Climate Change Education

March 3, 2021

As chair of geography and someone who studies the impact of climate change on stormy weather, it is clear to me that education is key in the fight against climate change. Knowledge helps young folks find solutions and encourages them to modify their behavior. It also helps them process the growing emergency.

As Jonathan Foley from Project Drawdown notes: to solve the climate crises we need to use all the pieces, we need to employ multiple strategies, and we need to have a synoptic view of the entire chess board. Young people are eager to make the opening move. They are excited about the cross-disciplinary connections and the broad systems approach to solving problems.

A graduate program focused on climate solutions staffed with a diverse faculty will foster a well-trained workforce with strong adaptive capacity.

The FSU/FAMU connection is well positioned to make this happen. A climate solutions program aligns with the strategic goal of encouraging and incentivizing high-impact, interdisciplinary and between-college initiatives that address pressing societal concerns.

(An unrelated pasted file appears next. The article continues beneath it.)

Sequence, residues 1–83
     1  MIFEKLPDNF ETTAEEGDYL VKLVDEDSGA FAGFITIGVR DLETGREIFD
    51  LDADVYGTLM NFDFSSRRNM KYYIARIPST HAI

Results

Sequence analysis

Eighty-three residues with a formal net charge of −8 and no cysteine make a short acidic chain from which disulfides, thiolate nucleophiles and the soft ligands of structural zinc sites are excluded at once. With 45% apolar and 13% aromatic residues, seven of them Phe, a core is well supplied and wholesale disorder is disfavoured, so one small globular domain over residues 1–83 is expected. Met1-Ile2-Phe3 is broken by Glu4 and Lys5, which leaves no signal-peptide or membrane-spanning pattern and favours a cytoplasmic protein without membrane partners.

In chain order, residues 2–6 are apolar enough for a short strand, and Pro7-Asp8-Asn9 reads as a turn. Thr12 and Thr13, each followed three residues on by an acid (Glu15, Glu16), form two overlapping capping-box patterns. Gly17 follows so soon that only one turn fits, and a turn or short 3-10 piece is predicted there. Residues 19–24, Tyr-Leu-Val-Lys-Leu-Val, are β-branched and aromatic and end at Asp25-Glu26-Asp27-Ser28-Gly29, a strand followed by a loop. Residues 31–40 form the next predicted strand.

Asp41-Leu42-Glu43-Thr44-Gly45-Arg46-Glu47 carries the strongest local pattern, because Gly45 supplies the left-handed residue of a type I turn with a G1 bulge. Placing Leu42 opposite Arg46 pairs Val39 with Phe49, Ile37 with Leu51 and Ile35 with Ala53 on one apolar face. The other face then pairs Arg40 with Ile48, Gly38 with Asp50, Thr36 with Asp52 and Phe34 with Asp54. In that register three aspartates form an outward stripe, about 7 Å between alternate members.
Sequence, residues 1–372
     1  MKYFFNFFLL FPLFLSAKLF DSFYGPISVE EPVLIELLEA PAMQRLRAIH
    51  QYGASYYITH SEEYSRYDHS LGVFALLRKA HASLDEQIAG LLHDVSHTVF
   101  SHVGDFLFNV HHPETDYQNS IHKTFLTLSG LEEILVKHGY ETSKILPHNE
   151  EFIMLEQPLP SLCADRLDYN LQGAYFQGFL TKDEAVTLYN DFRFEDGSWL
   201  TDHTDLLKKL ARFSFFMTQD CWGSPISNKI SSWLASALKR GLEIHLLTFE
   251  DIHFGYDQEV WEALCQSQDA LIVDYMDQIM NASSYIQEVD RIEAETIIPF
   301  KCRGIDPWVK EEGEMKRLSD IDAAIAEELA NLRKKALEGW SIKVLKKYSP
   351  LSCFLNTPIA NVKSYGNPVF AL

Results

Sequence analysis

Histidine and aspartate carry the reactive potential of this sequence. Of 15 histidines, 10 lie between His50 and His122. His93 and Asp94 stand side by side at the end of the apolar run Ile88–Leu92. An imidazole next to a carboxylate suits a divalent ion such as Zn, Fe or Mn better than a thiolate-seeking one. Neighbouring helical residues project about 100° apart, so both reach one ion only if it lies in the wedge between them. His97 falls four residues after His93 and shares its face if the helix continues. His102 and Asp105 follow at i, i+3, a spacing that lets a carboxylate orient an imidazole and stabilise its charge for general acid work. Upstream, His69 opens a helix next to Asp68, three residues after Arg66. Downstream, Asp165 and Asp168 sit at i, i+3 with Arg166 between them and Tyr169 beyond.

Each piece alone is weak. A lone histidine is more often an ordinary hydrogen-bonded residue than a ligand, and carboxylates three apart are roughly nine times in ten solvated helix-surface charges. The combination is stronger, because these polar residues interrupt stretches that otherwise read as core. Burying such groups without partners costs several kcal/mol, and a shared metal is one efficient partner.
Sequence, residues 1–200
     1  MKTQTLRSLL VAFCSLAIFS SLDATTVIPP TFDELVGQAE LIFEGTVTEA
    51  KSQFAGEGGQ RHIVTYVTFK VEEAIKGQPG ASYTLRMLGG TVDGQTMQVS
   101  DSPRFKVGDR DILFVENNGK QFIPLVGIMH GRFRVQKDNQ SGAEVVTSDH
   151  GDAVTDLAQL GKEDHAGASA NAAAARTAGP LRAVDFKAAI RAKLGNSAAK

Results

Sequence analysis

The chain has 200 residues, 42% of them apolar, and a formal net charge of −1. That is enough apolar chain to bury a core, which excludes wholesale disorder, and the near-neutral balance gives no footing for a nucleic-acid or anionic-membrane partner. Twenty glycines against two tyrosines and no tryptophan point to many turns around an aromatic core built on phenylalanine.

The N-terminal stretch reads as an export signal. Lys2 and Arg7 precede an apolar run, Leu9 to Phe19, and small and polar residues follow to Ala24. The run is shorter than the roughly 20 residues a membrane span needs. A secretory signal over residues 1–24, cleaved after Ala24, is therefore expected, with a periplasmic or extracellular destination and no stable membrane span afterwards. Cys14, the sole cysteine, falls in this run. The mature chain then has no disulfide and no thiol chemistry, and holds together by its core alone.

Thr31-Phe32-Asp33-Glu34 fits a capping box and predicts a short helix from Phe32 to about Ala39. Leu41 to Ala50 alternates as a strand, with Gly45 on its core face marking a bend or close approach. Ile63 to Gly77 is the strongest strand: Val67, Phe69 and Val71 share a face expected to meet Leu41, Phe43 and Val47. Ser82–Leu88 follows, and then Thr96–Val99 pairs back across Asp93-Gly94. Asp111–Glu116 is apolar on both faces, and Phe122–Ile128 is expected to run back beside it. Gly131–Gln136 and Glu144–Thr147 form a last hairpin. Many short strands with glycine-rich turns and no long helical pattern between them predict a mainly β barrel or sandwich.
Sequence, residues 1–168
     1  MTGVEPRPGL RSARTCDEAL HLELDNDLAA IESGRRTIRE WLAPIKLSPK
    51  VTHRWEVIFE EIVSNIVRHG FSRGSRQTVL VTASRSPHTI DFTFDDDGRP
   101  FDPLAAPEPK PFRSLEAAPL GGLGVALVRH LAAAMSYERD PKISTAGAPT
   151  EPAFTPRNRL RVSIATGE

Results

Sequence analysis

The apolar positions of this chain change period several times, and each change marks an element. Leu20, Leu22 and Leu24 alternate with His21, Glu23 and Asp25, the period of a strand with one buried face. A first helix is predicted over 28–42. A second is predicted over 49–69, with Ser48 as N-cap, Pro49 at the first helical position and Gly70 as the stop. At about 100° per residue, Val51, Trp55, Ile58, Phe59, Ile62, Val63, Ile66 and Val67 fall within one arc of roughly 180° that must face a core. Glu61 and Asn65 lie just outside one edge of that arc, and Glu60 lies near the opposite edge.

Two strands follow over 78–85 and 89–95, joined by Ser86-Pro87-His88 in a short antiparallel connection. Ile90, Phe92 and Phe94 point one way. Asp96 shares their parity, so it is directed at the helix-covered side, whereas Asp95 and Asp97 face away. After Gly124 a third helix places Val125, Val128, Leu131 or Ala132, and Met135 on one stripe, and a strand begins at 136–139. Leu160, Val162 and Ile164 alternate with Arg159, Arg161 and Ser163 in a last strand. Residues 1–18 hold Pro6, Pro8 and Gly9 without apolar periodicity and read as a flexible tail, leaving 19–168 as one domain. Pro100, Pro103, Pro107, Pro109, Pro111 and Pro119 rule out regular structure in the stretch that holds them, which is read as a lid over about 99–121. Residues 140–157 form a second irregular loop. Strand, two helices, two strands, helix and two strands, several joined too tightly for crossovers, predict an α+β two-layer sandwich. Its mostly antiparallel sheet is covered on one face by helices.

Our proposal calls for a two-year interdisciplinary Master of Science program in climate solutions with a partnership by the College of Social Sciences and Public Policy, the FAMU/FSU College of Engineering, and the College of Arts and Sciences.

The program will admit students across a range of fields and will lend itself to graduates of environmental and engineering majors. The curriculum will introduce students to new research technologies that combat climate change and equip them with practical knowledge, methods, and experience to achieve solutions in reducing greenhouse gases. A studio group project will anchor a curriculum that partners students with companies, NGOs, and government agencies that face practical climate-based challenges.

And there will be broader impacts. A recent study published in PLoS One reported individual reductions in carbon emissions of 3 tons of CO2 per year for students completing just a single year course focused on climate change.

We look forward to working with folks here and elsewhere to launch what we believe will be a flagship program and a model for graduate teaching and research collaboration in Tallahassee.